Journalists cannot be arrested just for criticizing the government: Supreme Court | India News
Nulling an FIR sedition registered by Himachal police against journalist Vinod Dua for his video on social media criticizing the government and attacking Prime Minister Modi for the miseries of migrant workers in the wake of last year’s shutdown, judges said UU Lalit and Vineet Saran. Based on the complaints in the FIR and after examining the content of Dua’s video, the ingredients of the crimes of sedition or defamation were not identified. The CS also avoided the threat of invoking the Disaster Management Law against Dua.
SC: Dua’s opinions do not constitute an offense
The SC said that the views expressed by Vinod Dua did not constitute an offense under the Disaster Management Act or any provision of the IPC. But the court refused to equate the journalists with the doctors in whose favor the supreme court had ruled that a doctor facing negligence charges should not be arrested without a preliminary investigation.
The court rejected Dua’s request, made by lead attorney Vikas Singh, that instructions be given to the Center and declares that a committee be established to examine charges brought in an FIR against any journalist with 10 years of experience. Dua had asked that a journalist be detained only when the committee was satisfied that the charges required arrest.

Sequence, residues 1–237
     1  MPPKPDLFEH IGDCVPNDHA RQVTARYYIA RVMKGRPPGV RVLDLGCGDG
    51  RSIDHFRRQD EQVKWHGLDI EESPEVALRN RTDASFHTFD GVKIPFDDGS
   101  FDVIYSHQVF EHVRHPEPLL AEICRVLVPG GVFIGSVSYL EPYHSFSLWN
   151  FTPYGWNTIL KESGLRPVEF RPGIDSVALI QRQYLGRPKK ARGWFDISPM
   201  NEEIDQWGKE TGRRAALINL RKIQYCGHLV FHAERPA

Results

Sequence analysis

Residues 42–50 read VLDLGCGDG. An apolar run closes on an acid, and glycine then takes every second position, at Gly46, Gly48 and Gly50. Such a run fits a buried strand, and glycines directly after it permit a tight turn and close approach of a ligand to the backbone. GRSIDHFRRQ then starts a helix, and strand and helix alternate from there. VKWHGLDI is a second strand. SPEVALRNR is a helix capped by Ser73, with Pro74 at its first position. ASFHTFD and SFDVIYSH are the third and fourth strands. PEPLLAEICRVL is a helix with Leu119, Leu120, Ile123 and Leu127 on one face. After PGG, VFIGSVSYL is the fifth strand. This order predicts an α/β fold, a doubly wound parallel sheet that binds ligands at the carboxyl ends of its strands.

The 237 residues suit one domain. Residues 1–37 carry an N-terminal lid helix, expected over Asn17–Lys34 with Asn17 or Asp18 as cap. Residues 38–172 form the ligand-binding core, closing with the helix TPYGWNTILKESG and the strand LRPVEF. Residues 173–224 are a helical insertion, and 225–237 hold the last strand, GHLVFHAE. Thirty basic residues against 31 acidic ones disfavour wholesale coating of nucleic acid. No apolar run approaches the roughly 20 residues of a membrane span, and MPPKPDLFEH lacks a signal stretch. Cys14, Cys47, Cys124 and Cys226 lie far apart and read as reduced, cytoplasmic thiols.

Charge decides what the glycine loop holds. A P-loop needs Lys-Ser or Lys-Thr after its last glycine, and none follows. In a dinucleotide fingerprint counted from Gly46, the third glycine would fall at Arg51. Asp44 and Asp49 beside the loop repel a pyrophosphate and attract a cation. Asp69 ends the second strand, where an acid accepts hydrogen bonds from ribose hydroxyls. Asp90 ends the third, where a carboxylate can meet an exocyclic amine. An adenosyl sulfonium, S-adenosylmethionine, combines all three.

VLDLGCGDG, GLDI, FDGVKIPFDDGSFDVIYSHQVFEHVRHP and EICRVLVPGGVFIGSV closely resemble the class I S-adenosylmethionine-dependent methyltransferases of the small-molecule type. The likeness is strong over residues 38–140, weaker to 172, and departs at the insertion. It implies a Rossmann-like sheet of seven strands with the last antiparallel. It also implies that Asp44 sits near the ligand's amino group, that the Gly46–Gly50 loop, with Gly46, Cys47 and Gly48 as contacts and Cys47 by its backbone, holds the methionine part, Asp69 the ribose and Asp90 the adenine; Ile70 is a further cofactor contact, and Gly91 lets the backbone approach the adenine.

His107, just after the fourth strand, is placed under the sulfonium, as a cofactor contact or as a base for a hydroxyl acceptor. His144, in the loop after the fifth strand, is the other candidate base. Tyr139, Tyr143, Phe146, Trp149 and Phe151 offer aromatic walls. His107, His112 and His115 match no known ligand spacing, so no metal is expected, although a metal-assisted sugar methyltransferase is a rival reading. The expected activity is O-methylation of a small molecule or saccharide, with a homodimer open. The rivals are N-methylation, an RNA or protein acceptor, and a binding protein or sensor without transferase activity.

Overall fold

In recent years, journalists have often been attacked in different parts of the country. In many cases, false charges have been imposed. Given this backdrop, the Supreme Court ruling is very welcome. It is noteworthy that the supreme court did not establish new rules. Rather, it reminded police of a landmark case that occurred 60 years ago. The sad truth is that these days you have to repeatedly inform the authorities about well-established democratic norms.
In drafting the 117-page ruling, Judge Lalit referred extensively to the constitutional ruling of five 60-year-old judges in the Kedar Nath Singh case, in which the higher court had established the definition of what constituted the crime of sedition and had ruled that a citizen’s right to criticism, no matter how harsh, could never be a motive to incite the police to file an FIR under Section 124A of the IPC (sedition).
“The principles drawn from the decision in Kedar Nath Singh show that a citizen has the right to criticize or comment on the measures taken by the government and its officials, as long as it does not incite people to violence against the government established by law or with the intention to create public disorder; and that it is only when the words or expressions have a pernicious tendency or intention to create public disorder or disturbance of public order that articles 124A and 505 of the IPC should intervene ”, said the court.
“Every journalist will have the right to protection in terms of Kedar Nath Singh, since all prosecution under Sections 124A and 505 of the IPC must be in strict accordance with the scope and scope of said sections as explained in, and completely in tune with the law established in Kedar Nath Singh ”, he added.